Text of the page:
In the System Administrations world the total cost of ownership (TCO) is the price you pay for equipment from before its purchase to after its demise. There are always hidden costs that you can not anticipate, but through diligent evaluation and selection you can limit these unforeseen costs and minimize your TCO.
My main focus for this post is going to be vendor selection, specifically vendor plurality.
Unlike Google of Facebook, most Systems Administrators buy their server equipment from the following vendors: HP, IBM, Dell, or through a re-seller of Supermicro. Each vendor offers different product lines and while one product line may be more reliable than another, as a whole let’s assume they are all as reliable within some standard deviation. Why then would you ever buy equipment from more than one vendor? Price. IT and System Administration are sunk costs, they are the cost of doing business (ignoring IaaS,PaaS, & SaaS). A cost conscious company will want to get the best price on hardware.
Why You Should Support More Than One Vendor
Depending on your computing needs you could be spending millions on hardware, one companies margin could be tens of thousands of dollars. It is a good practice to always get competing quotes from different vendors (not just different re-sellers). That way you keep the vendors honest (or at least more honest).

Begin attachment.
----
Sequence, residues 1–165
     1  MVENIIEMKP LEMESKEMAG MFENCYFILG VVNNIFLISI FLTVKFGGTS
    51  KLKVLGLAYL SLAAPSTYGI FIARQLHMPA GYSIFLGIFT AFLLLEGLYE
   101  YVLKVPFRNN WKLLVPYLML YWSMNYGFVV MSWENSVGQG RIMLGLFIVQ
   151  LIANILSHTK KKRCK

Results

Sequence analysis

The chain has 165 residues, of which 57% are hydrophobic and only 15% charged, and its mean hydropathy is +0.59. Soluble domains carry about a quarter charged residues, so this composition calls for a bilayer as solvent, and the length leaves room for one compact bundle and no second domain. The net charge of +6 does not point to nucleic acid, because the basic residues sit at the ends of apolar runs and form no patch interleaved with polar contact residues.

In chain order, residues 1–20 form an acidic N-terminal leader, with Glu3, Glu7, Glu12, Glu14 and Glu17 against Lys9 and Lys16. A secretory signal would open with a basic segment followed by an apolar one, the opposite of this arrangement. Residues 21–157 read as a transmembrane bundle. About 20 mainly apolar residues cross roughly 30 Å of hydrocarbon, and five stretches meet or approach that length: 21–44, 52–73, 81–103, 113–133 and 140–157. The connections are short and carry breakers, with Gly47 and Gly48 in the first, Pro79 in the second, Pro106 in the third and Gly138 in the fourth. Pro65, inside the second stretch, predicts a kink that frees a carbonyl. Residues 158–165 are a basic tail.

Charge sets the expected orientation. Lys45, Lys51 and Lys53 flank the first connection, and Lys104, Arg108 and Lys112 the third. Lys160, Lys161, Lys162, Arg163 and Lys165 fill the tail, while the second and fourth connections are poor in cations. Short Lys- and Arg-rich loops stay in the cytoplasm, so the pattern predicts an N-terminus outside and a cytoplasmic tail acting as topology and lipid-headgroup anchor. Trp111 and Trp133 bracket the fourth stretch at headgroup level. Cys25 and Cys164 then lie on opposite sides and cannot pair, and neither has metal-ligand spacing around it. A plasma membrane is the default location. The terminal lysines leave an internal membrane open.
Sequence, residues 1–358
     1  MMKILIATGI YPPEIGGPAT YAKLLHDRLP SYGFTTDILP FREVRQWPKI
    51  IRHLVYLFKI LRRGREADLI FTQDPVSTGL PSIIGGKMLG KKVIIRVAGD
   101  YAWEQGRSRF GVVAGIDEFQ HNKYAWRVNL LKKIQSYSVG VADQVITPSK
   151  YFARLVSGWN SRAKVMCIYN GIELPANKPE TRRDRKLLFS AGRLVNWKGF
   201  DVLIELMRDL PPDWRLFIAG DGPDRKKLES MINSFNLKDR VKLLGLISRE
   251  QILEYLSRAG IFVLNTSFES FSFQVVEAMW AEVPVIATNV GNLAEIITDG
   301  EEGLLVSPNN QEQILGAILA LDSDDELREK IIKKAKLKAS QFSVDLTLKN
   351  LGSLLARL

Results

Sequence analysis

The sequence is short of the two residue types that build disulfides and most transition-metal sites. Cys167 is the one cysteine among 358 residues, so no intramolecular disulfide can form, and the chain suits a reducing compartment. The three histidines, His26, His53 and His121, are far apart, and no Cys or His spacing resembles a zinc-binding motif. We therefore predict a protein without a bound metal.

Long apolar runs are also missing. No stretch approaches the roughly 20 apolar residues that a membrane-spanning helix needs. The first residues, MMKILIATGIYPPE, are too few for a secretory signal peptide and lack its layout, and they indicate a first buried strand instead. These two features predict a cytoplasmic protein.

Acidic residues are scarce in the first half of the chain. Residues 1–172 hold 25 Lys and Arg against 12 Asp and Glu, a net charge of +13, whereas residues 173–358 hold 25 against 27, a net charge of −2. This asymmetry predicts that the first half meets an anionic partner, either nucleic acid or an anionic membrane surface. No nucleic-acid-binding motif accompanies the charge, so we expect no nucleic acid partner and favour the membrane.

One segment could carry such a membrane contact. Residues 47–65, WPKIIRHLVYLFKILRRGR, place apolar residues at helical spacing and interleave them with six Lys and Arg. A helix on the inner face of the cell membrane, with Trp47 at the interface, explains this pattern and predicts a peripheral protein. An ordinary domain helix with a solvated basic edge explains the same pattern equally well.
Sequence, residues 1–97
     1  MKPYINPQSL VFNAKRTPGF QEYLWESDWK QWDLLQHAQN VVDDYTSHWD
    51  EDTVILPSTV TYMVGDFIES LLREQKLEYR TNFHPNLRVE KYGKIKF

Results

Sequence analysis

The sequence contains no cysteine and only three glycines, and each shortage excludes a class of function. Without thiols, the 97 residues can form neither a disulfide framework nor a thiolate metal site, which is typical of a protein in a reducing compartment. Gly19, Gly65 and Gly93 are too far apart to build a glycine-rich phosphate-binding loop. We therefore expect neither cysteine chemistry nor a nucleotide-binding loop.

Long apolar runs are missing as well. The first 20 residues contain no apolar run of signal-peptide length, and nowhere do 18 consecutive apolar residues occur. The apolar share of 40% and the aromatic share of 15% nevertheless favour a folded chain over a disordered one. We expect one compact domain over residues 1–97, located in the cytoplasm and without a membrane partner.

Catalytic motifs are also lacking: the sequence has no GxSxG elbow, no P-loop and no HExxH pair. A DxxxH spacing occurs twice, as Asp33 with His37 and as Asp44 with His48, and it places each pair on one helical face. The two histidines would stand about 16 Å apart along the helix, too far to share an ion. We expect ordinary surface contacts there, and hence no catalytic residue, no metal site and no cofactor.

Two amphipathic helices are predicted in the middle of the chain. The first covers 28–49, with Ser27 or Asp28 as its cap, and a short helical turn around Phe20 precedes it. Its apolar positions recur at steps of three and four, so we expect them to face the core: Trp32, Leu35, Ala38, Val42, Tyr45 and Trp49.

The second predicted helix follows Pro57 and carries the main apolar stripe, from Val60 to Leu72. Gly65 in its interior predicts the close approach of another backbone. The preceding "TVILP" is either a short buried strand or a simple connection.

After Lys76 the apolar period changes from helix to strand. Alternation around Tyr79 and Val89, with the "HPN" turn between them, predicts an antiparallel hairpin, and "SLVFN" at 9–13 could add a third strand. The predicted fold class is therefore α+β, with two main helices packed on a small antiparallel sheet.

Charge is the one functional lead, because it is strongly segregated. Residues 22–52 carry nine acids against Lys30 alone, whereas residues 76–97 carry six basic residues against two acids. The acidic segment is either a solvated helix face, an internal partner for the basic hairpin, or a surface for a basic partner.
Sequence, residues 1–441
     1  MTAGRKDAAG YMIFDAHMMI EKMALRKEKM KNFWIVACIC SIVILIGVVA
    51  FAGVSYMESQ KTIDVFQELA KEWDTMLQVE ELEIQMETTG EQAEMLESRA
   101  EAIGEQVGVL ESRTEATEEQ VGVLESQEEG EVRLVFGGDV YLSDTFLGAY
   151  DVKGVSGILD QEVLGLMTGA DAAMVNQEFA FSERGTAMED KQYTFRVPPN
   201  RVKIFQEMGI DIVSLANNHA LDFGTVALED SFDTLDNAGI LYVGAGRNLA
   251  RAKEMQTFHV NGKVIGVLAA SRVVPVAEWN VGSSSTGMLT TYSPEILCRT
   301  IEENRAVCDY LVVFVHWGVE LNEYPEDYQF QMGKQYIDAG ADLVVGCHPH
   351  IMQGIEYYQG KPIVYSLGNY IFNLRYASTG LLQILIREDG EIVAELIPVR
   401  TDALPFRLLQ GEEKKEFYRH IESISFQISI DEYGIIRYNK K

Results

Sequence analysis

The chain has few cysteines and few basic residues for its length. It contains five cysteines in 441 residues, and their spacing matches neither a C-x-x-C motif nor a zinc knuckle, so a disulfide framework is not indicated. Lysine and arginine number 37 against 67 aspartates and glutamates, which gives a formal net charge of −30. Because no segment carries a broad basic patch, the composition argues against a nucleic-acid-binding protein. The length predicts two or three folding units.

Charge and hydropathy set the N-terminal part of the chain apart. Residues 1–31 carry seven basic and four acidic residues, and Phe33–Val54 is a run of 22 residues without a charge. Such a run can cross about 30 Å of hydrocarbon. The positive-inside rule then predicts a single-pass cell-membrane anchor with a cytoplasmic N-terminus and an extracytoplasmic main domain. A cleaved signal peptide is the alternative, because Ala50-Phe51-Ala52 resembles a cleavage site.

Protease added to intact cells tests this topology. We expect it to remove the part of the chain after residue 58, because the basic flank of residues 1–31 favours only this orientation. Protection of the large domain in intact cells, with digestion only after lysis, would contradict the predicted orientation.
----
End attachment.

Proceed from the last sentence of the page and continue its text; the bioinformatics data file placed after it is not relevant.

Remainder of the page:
You can save a significant amount of money this way, which you should obviously make sure your bosses know.
But what hidden costs arise?
Why You Should Support the Least Amount of Vendors as Possible
For every vendor you support it requires your time as a system administrator. To name a few considerations:
- different RAID controllers with different syntaxes
- different OOBM (imm,idrac,ilo) with various nuances
- support from vendors can differ widely in process and competence
- automated hardware monitoring is different. While most vendors support IPMI, there are always little differences
- all new vendor equipment needs evaluation and a familiarization
What am I to do?
There is no optimal solution, only what works for you. I recommend limiting the number of supported vendors to the absolute minimum while still keeping a 2nd around to make sure the other vendor’s pricing is honest and competitive.
Each vendor adds to a server’s TCO. Therefore limiting supported vendors, minimizes every servers’ TCO.